About Boundary Way

Boundary Way is located on the edge of the city of Wolverhampton and the border of South Staffordshire District farmland. The community garden is situated at the top of Springhill and offers views across the city and over the Staffordshire countryside looking towards Shropshire. 

The Allotments opened in 1953 providing a space for growing for residents of the newly built Warstones estate and have been cultivated ever since. In 2000 plans were made to develop an area at the top of the site that was difficult to cultivate as a garden for use by the local community. The site received lottery funding to develop the area and a sensory garden, orchard, woodland area and storytelling space were created. A large polytunnel was built for use as a growing space and as a classroom for educational groups.

As a result since the early 2000s the garden has developed as a resource for the local community, developing links with neighbouring Highfields and Penn Fields Schools and hosting regular Open Days. Several plots are now occupied by community groups who provide activities on site, these include; The Crafty Gardener, Beacon Centre, Penn Fields School and the Boundary Way Project.

Plotholders have worked hard and attracted high profile visitors and awards over the years as well as developing strong community links. Most recently, The Crafty Gardener has established a base for horticultural and creative activities as well as employment related support for people who have a learning disability, autism or mental health needs.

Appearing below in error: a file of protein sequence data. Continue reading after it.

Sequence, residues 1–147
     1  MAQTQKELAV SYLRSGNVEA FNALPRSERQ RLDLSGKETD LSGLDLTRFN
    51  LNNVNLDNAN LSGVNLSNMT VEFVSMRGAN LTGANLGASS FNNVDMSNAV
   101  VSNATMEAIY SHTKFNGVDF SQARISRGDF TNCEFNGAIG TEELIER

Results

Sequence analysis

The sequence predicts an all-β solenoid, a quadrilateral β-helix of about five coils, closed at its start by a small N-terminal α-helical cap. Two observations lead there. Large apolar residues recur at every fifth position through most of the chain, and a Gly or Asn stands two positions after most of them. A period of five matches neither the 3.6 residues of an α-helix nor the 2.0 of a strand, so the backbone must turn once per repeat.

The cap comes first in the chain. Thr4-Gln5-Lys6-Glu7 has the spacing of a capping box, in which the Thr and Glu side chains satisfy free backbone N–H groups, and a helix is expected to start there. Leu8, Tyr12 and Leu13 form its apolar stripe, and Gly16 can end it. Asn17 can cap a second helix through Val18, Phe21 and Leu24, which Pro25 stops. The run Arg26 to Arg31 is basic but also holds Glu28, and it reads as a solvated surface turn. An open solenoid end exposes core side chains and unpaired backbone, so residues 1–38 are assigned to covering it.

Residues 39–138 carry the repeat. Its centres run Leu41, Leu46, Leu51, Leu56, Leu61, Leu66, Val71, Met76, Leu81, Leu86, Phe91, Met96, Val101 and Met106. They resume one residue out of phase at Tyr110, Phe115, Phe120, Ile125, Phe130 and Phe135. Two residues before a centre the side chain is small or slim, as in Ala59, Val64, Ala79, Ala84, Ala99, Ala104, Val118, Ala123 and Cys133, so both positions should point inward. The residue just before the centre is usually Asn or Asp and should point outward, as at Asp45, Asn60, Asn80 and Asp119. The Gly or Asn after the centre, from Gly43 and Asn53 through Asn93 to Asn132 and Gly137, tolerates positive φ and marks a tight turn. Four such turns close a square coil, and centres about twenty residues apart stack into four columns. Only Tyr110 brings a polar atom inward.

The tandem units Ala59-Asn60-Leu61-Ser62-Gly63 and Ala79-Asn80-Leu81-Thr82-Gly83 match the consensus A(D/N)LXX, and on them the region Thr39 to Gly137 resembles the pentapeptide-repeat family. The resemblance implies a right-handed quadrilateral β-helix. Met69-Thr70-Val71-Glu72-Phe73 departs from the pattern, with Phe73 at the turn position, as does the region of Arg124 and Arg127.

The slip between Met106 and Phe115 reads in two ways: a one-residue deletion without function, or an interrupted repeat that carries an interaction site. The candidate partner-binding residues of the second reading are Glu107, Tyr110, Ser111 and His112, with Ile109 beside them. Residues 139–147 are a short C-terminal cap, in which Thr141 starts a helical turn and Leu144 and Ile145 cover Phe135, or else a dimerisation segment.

The Boundary Way Project have secured funding from the Heritage Lottery Fund, Arts Council England, Creative Black Country and Grow Wild at Kew Gardens.  This funding has allowed them to research the natural heritage and social history of the site with experts as well as invite local artists to create work inspired by the environment and run workshops to inspire local people. As part of the funding the project has created a series of postcards inspired by fungi, seasonal nature worksheets and a site brochure. It has also run a series of successful Open Days and exhibitions, including taking part in Wolverhampton Open Studios.

Penn Fields School have integrated site visits as part of their curriculum. Sixth formers have created and maintain a plot and a programme of creative activities has been developed leading towards Arts Awards accreditation. 

The site does not have open access to the public during the week, but is regularly open on Saturday and Sunday mornings and for various open days and activities throughout the year.

Comments are closed.